It seems that the further we get into 2010, the more films we find from 2009 that we either had never heard of previously, or made little impact during their initial release. The Boys are Back is one such film, although those of us in the US who hadn’t heard of it earn a bit of a reprieve—the film only just came out this past November and even then was in barely over 100 theaters countrywide. It’s not all that unheard of, of course, for a film to not go wide…but when you have Clive Owen in the lead, it’s a bit curious to not advertise or take it further. Still, the material the film presents is heavy and it would have been doubtful if it would have found a wider audience than the one it will undoubtedly receive on DVD.
The death of his wife leaves wisecracking sportswriter Joe Warr (Clive Owen) with a curious six year-old (Nicholas McAnulty) and a rebellious teen from a previous marriage (George MacKay) to bring up in a household devoid of feminine influence. So Joe takes on parenting the only way he knows how—full throttle. With an exuberance born of necessity, he teaches his boys to meet the joy and fragility of life head on. The Boys Are Back chronicles the fierce love and loyalty the three Warr men discover for each other as they make their way through the trials of everyday life.
It’s rare that a film and punch you in the emotional gut within the first fifteen minutes of it starting, but The Boys are Back does this with exceptional grace and poise. I knew going into the film the rough plot, but the way it presents the tear-jerking death of the mother early on not only sets the mood for the rest of the film but also is key in letting you know just how profound a loss it was for our main characters. It may be a bit melodramatic and “cheap” in the way it plays out early on, but the film definitely knows how to get the emotional hook in right from the start and let it stick.
Of course it helps that the film is also very well written. It’s got a few sappy moments here and there (and Owen’s character talking to his dead wife’s imaginary ghost [or whatever it was] was kind of “out there” at first), but for the most part it’s a very heartwarming type of film. It tackles the difficulties of being a single parent as well as the task of raising two boys. Admittedly it’s not something I’m familiar with, but I can at least try to imagine the difficulty of such a situation, and compiling it with the boys (well, boy in this films case) loss of their mother as well as your wife…it just makes things even harder to relate to. But sadly it’s not a terribly unfamiliar story; so while the subject matter is grim, the execution and handling of it is really done quite well.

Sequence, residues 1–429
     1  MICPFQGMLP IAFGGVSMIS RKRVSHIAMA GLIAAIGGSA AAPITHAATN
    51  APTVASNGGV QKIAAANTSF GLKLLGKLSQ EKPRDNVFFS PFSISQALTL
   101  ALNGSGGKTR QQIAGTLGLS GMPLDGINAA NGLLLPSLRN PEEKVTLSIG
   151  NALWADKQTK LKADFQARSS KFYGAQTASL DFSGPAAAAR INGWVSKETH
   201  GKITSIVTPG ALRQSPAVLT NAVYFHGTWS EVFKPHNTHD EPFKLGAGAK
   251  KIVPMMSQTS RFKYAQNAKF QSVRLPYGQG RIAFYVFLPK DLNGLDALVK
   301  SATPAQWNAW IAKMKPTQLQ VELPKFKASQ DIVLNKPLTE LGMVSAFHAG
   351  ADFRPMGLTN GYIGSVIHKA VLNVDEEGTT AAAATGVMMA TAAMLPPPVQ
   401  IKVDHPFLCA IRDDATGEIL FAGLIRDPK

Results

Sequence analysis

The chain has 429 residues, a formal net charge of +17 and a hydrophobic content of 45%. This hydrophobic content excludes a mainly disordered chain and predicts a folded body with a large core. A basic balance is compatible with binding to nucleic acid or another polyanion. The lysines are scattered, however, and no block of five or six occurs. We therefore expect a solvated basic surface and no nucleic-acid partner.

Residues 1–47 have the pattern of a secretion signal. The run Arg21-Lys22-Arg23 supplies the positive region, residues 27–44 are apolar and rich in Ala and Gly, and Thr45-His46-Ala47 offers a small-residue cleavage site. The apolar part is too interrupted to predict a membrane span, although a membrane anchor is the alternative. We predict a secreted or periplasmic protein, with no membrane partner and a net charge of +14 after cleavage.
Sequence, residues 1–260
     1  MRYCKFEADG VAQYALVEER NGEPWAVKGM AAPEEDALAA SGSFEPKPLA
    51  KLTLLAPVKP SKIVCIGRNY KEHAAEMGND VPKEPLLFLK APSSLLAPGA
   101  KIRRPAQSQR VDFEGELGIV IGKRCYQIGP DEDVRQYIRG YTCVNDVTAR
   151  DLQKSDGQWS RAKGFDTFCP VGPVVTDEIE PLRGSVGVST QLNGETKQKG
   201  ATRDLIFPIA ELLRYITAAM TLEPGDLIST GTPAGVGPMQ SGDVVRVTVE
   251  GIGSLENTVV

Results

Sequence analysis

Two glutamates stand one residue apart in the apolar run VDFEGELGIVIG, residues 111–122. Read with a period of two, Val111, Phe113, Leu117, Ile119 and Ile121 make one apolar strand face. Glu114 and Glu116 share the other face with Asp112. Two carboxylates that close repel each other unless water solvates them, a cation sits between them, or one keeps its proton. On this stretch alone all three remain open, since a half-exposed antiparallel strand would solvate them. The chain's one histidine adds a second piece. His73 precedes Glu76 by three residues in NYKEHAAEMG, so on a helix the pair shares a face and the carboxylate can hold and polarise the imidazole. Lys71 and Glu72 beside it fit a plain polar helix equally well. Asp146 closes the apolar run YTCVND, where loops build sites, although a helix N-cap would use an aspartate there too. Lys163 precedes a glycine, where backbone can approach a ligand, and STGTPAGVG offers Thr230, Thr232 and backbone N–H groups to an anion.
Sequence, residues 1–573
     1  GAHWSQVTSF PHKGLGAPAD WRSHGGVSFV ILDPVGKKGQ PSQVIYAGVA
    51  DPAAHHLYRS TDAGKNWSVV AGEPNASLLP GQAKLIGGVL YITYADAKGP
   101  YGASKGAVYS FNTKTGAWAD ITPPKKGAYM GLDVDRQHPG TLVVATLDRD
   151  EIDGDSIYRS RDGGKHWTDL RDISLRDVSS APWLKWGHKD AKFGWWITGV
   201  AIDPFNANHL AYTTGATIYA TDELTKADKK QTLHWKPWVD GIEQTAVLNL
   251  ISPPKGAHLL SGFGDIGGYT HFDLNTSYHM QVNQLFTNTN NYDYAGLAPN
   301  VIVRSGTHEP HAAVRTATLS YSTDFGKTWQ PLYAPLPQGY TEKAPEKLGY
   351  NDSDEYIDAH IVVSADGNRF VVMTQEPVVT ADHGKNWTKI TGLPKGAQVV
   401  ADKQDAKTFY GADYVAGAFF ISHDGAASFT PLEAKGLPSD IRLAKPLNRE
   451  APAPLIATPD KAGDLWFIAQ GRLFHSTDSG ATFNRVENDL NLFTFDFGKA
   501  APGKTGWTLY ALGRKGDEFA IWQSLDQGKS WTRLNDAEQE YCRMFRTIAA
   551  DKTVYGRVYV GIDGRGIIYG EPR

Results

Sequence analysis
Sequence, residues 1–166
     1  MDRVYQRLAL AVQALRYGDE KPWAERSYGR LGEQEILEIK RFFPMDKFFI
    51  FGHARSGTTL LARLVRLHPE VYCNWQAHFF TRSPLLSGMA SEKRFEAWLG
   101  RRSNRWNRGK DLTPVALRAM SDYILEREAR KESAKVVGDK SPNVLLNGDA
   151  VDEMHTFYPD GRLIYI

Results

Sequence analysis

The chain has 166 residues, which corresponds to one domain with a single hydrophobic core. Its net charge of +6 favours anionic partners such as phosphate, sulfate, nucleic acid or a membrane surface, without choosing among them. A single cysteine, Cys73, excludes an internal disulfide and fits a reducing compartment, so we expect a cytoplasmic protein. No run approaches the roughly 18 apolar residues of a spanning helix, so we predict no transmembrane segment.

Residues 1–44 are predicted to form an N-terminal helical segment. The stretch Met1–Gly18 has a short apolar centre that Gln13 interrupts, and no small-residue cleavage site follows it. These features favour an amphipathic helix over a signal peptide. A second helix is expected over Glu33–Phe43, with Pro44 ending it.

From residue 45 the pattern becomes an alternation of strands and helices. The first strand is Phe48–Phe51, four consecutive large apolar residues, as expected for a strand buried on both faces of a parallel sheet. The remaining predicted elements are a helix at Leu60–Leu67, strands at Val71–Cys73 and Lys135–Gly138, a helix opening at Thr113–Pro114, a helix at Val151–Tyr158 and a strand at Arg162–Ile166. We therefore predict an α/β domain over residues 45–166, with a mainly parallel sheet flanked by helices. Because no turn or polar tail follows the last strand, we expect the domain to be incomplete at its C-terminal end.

Some of it is a bit unbelievable, of course, as the boys in the film are really well-behaved already for the most part. Had the older one, from a different marriage, been more rebellious, it would’ve no doubt casted a different shadow onto the film. Instead they all act as kind of a cohesive, loving, and of course dysfunctional family. While their situation isn’t something that everyone (thankfully) can relate to, the feelings they have, unknown and known, are something we can all share with the film. Of course that sounded unbelievably sappy and I assure you no such scene in the film will make your teeth hurt quite as much as that sentence did.
There is a lot of growing that goes on in this film. Both from the boys’ perspectives as well as Owen’s, who ends up in a tiny romantic situation with one of the mothers (Emma Booth) from his sons’ school. It’s a bit forced and her disapproval of his raising methods is probably echoed by most in the audience…but more importantly than the incredulous way his methods seem to work at times (and don’t in others), the film doesn’t try to pass off the situation as something that isn’t questionable; there are plenty of people in the world the film inhabits that wonder about how the boys’ are being raised…but it’s a journey that the audience goes on along with them.
The film isn’t rife with new ideas or originality, but it is a very enjoyable film nonetheless. It’s a solid tearjerker as well as a film that will just bring a smile to your face and because of that I Recommend this film to anyone in the market for such a feeling of warm fuzzies. While not as good as The Blindside, I’d put it in the same “sad but happy” category, so if you enjoyed that film then this one should be right up your alley as well.
The Boys are Back arrives on DVD in a standard amaray DVD case with a…Blu-ray insert? Yeah for some reason they included an insert for the Blu-ray format, despite this film not even being available on Blu-ray. Disc art is a plain grey wash and the menu system is nicely laid out and easy to navigate. The video transfer for this film is solid and does not disappoint. Colors are warm and the beach front scenery of Australia looks fantastic. Audio is a DD5.1 mix, although admittedly it’s a bit overkill for such a film. It’s mostly dialogue driven and as such you’ll get most of the audio out of the front channels. But what is there is crystal clear and without distortion or hiss.
Extras are very limited, but include:
A Photographic Journey – with Optional Commentary by Director Scott Hicks (16:22)
A Father and Two Sons, on Set (1:44)
The “Photographic Journey” is like a mini-commentary of sorts as it goes over the production process quite briefly, but over a nice little photo montage. The other extra is so brief that it’s kind of a “why bother?” type thing. I would’ve liked a full length commentary (as usual) but for such a small film I guess the extras aren’t all that surprising.
The Boys Are Back arrives on DVD on January 26th.